I miss Eddie. He was not my grandfather, but he kept my grandma company after my grandfather died. He lived next door, in a little green house on Sleepy Hollow Drive down the shore. His wife died when I was very young.
Eddie loved to visit us at my grandma’s house. He would smile and trade niceties about the weather, but he never really talked with us about anything of substance. Still, he was our substitute.
We stopped seeing him when my grandma moved to a rest home, an hour and a half away from the shore. She didn’t remember him, and the gap in her memory seemed to affect my parents, too. I don’t know if he even got a Christmas card from us.
We got a call in May. He had cancer and was going in for an operation. Later, he called to tell us he was not doing well. That was the last we heard for at least a month, until now.
We get a call from my uncle. Eddie’s neighbors tell him that men are moving furniture out of Eddie’s house, stripping it. They say he died a couple of weeks ago. They are shocked that we do not know. I wonder if they thought we were terribly rude, not showing up for the funeral. I picture the ceremony, nearly deserted, giving the impression that he has no friends or family.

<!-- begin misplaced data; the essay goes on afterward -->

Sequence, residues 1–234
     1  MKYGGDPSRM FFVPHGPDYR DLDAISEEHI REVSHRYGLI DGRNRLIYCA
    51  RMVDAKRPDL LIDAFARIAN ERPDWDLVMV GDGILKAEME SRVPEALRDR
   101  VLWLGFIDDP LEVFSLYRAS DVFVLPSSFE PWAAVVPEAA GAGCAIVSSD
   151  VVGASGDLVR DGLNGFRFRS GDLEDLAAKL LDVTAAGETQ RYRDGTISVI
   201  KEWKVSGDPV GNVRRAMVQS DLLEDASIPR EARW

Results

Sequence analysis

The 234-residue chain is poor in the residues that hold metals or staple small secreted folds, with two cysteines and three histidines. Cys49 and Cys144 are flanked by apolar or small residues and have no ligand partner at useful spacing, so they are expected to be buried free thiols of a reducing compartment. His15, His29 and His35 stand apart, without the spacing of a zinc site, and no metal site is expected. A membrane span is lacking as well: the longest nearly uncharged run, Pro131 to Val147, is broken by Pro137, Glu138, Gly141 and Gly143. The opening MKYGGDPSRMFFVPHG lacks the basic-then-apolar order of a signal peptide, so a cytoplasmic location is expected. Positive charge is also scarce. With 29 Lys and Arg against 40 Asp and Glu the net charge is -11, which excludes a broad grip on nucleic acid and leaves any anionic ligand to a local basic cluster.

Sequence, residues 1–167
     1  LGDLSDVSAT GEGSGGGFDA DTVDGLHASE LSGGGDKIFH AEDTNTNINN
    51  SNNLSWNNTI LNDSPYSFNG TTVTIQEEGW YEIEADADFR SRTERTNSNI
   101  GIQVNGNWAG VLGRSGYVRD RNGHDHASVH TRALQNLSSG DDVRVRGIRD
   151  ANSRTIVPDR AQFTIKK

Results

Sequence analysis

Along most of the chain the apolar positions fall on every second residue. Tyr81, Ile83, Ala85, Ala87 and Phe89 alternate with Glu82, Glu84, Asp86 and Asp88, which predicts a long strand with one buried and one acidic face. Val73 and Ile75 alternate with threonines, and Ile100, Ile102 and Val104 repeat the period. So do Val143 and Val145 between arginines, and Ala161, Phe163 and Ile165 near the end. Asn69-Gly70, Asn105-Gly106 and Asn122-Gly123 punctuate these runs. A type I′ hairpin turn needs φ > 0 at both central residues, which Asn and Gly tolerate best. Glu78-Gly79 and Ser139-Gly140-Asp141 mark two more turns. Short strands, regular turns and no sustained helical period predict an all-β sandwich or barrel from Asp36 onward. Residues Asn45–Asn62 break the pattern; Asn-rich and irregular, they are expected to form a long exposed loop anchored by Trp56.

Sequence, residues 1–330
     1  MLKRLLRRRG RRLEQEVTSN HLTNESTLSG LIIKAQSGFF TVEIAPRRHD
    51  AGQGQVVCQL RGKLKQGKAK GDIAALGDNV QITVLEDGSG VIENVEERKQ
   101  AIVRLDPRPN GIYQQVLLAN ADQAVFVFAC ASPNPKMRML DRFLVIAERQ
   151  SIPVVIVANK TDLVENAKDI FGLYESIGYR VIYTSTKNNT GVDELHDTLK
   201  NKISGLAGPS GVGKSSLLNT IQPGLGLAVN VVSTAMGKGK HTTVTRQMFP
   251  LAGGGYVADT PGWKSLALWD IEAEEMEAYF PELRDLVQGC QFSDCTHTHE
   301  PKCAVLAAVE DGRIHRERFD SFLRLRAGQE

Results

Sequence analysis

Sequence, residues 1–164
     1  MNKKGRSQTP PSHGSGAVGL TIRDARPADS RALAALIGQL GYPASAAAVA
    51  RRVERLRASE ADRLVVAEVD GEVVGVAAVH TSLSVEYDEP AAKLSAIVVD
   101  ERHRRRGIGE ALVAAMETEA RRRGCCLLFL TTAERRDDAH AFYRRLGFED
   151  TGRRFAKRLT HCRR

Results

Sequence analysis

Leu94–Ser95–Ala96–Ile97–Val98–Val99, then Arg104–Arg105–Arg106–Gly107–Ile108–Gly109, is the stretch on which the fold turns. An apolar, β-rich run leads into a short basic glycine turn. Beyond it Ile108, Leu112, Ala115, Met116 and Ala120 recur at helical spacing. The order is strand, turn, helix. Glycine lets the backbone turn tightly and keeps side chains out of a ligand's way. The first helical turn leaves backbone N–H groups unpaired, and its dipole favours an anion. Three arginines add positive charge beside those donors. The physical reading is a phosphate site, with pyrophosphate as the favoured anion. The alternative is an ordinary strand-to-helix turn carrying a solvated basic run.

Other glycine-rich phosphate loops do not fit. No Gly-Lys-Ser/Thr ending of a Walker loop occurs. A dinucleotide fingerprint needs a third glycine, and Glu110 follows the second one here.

I never really get to say goodbye. We do not know where he is buried. I think of him as alive; I cannot picture him dead. I cannot cry for him. The woman to whom he has willed his belongings does not return our phone calls. He is gone, but it feels more like he has been kidnapped, is being held for ransom, will be returned to us someday if we just wait long enough.